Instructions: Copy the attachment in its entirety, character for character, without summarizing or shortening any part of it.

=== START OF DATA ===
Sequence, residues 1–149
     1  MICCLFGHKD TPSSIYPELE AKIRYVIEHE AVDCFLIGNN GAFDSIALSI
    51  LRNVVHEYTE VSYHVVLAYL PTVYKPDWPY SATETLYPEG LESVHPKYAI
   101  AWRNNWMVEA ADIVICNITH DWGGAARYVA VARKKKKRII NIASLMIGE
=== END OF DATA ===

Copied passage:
Sequence, residues 1–149
     1  MICCLFGHKD TPSSIYPELE AKIRYVIEHE AVDCFLIGNN GAFDSIALSI
    51  LRNVVHEYTE VSYHVVLAYL PTVYKPDWPY SATETLYPEG LESVHPKYAI
   101  AWRNNWMVEA ADIVICNITH DWGGAARYVA VARKKKKRII NIASLMIGE